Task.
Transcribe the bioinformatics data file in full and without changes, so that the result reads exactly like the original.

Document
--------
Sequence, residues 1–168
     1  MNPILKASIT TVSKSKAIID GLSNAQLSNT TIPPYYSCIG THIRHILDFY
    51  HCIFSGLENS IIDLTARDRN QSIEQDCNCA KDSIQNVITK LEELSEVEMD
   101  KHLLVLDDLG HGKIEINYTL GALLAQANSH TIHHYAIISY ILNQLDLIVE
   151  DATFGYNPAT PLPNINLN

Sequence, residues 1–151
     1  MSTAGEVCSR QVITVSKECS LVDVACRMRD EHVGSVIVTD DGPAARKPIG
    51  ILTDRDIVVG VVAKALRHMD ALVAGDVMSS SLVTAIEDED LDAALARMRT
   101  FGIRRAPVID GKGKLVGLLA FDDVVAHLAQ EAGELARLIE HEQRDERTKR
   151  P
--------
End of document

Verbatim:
Sequence, residues 1–168
     1  MNPILKASIT TVSKSKAIID GLSNAQLSNT TIPPYYSCIG THIRHILDFY
    51  HCIFSGLENS IIDLTARDRN QSIEQDCNCA KDSIQNVITK LEELSEVEMD
   101  KHLLVLDDLG HGKIEINYTL GALLAQANSH TIHHYAIISY ILNQLDLIVE
   151  DATFGYNPAT PLPNINLN

Sequence, residues 1–151
     1  MSTAGEVCSR QVITVSKECS LVDVACRMRD EHVGSVIVTD DGPAARKPIG
    51  ILTDRDIVVG VVAKALRHMD ALVAGDVMSS SLVTAIEDED LDAALARMRT
   101  FGIRRAPVID GKGKLVGLLA FDDVVAHLAQ EAGELARLIE HEQRDERTKR
   151  P